A total of $73 billion is allocated for energy and power, $65 billion for broadband, and $55 billion for clean water. For energy and power, the bill will fund the national shift toward renewable energy, more electric vehicle charging stations, and improving natural gas infrastructure.

The $65 billion for better internet access, an initiative known as the "Internet for All" bill, will be used to boost fiber optic cable manufacturing and provide high-speed internet, according to the Department of Commerce. The high cost of internet has created a digital divide in the country as 24 million households live without reliable internet facilities.

There is also a clean water access gap in the country, with roughly 2.2 million households in America living without running water in their homes.

The highest amount of funding for clean water went to Montana at $3 billion. Montana has suffered a history of poor water quality in its waterways. In 2014, a report by the Montana Department of Environmental Quality highlighted that 125 bodies of water were polluted. More recently, dangerous lead levels were also found in the drinking water supply of state schools.

“In many Montana communities, aging infrastructure requires investment now to protect access to safe, clean drinking water," Chris Dorrington, director of the Montana Department of Environmental Quality, told Yahoo Finance. "This funding will help with those upgrades and reduce the risk of lead and emerging contaminants while reducing the out-of-pocket costs to Montanans."

Infrastructure deficit

Prior to Biden's large funding legislation, an infrastructure deficit or "infrastructure investment gap" was projected until 2039.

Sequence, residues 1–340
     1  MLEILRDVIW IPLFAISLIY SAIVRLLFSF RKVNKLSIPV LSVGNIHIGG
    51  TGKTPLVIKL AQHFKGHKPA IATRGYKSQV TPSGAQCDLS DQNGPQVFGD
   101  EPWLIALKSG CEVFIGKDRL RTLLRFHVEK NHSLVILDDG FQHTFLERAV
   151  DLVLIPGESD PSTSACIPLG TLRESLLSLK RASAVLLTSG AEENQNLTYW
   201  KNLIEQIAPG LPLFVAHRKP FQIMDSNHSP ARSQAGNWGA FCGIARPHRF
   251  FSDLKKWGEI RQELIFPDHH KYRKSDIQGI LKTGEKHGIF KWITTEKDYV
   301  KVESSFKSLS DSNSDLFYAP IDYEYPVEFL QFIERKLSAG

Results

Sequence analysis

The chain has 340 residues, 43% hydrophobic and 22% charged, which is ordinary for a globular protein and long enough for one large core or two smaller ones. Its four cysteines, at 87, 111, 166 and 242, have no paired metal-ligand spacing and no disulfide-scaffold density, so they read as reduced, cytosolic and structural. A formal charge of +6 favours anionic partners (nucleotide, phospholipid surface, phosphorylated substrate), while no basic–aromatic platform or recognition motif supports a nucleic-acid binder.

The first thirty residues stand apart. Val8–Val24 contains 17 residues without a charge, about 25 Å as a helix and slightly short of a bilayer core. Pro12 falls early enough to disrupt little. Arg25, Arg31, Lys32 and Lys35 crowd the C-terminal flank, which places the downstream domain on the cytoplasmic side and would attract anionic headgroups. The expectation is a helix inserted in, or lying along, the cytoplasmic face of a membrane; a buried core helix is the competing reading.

An infrastructure deficit occurs when there is long-term underinvestment and a lack of necessary levels of taxation by states to keep the infrastructure in good shape, according to Joseph Schofer.

"Public infrastructure needs to be maintained just like your car," Schofer said. "Deferral of maintenance leads to ever more costly problems, to the point where a rescue, like the [infrastructure act], is needed to get back to 'even.' Will we learn from this and do better at keeping up with the needs? If not, we’ll face another deficit down the line."

Yet, every aspect of America’s infrastructure is crumbling, according to the American Society of Civil Engineers, which gave the US an overall “C-” grade to reflect the country’s infrastructure.

President Biden delivers remarks touting how Infrastructure Law funding will be used for the Hudson River Tunnel project in New York City, January 31, 2023. REUTERS/Kevin Lamarque
President Biden delivers remarks touting how Infrastructure Law funding will be used for the Hudson River Tunnel project in New York City, January 31, 2023. REUTERS/Kevin Lamarque

Transit scored the lowest with a “D-", a grade unchanged since 2017 with a $176 billion unfunded maintenance backlog as of 2021, according to Michael Schipper, an engineer, author of the transit chapter in the 2021 Report Card for America’s Infrastructure, and deputy general manager of the Greater Cleveland Regional Transit Authority. It's hoped that the bipartisan infrastructure bill will relieve some of that underfunded gap.

"Transit infrastructure has been underfunded at the federal, state, and local levels for decades, and suffers from years of deferred maintenance," Schipper told Yahoo Finance. "Much of the infrastructure was aging beyond its useful design life. Perhaps most importantly, 45% of Americans lack access to transit systems."

Schipper added that raising America's overall infrastructure grade will require further investment and leadership, combined with stricter safety standards, efficiency in spending the new funding, and implementing innovative technologies.

"The infrastructure law was a great step in the right direction, but we’ll need continued action on that scale to bring the grades to a point we’re happy with," he said.

Tanya is a data reporter for Yahoo Finance. Follow her on Twitter. @tanyakaushal00.